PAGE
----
Doctors can never empathise with patients

GPs who respond to a patient's distress by saying they understand how they feel are likely to be resented and self deceiving, according to a GP.

Dr Jane Macnaughton
Dr Jane Macnaughton

Writing in The Lancet today, Dr Jane Macnaughton, a former GP now working as an honorary consultant at the University Hospital of North Durham, says: ‘I can be close to tears with a patient but 10 minutes later engage in a lighthearted conversation with a colleague over coffee.

‘The sadness or fear or whatever feeling I have experienced is not sustained and is so different from what the patient is feeling that it seems disrespectful to suggest that I somehow participate in his or her experience.’

Dr Macnaughton believes that true empathy ‘derives from an experience of intersubjectivity and this cannot be achieved in the doctor-patient relationship’.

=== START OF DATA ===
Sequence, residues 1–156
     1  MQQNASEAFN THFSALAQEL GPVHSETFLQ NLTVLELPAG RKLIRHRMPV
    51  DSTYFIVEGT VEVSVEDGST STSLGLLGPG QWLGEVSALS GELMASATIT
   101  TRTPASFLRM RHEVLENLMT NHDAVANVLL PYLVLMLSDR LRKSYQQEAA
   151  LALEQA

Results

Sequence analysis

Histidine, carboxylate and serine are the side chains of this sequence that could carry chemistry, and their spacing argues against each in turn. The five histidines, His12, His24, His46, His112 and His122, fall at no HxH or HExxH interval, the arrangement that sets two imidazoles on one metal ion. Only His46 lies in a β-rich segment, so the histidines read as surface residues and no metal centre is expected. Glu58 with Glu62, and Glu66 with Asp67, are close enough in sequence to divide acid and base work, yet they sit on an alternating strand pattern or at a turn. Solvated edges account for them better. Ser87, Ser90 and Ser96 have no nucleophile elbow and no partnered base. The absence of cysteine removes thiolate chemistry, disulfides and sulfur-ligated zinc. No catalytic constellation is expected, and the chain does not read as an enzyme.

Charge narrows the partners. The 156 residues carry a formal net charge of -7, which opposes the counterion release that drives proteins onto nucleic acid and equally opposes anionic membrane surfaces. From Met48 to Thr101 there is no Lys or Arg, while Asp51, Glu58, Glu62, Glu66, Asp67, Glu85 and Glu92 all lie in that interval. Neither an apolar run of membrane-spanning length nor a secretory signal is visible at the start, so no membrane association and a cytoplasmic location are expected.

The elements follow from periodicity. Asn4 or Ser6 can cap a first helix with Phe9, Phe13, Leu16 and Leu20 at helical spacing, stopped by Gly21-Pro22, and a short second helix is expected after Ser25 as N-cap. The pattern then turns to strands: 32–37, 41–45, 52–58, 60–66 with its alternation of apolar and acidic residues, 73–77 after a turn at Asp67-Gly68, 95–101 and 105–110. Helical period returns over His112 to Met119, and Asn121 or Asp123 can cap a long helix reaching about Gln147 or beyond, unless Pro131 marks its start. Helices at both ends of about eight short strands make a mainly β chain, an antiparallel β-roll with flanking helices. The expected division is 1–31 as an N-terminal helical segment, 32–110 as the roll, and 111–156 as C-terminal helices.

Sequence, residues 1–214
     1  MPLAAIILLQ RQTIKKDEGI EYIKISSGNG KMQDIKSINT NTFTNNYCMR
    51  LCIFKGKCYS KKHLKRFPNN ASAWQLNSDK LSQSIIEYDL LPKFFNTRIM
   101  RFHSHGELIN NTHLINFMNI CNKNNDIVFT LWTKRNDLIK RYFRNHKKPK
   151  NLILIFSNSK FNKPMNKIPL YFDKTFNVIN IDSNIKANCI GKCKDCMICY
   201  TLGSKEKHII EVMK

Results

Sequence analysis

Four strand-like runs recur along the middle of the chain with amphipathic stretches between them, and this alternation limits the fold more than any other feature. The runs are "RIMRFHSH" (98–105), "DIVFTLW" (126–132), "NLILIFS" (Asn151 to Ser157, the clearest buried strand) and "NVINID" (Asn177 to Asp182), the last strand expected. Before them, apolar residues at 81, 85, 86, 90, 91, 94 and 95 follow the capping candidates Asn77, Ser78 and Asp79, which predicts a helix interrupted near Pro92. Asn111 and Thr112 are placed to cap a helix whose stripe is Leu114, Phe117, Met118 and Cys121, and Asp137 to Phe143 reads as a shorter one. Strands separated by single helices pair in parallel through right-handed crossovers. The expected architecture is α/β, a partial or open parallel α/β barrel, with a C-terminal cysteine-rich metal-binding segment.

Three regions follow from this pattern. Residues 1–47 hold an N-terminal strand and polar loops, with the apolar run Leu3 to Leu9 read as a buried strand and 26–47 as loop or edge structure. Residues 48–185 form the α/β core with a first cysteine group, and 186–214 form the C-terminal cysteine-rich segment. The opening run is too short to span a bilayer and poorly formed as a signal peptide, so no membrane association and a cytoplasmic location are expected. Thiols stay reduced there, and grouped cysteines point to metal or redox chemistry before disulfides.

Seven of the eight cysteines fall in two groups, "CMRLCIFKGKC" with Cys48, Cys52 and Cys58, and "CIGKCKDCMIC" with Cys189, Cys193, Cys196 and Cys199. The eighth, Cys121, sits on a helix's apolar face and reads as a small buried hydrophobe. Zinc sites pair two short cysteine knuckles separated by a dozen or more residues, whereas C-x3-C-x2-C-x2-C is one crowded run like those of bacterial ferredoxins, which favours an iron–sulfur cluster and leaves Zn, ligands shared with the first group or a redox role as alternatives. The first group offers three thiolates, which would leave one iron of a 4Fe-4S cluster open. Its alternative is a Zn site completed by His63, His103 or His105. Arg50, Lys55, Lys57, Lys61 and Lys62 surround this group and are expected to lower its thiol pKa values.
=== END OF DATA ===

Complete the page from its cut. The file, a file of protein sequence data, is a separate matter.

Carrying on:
neil.durham@haymarket.com

  • Can GPs and nurses empathise with patients?

Comment below and tell us what you think

Have you registered with us yet?

Register now to enjoy more articles and free email bulletins

Register

Already registered?

Sign in

Before commenting please read our rules for commenting on articles.

If you see a comment you find offensive, you can flag it as inappropriate. In the top right-hand corner of an individual comment, you will see 'flag as inappropriate'. Clicking this prompts us to review the comment. For further information see our rules for commenting on articles.

comments powered by Disqus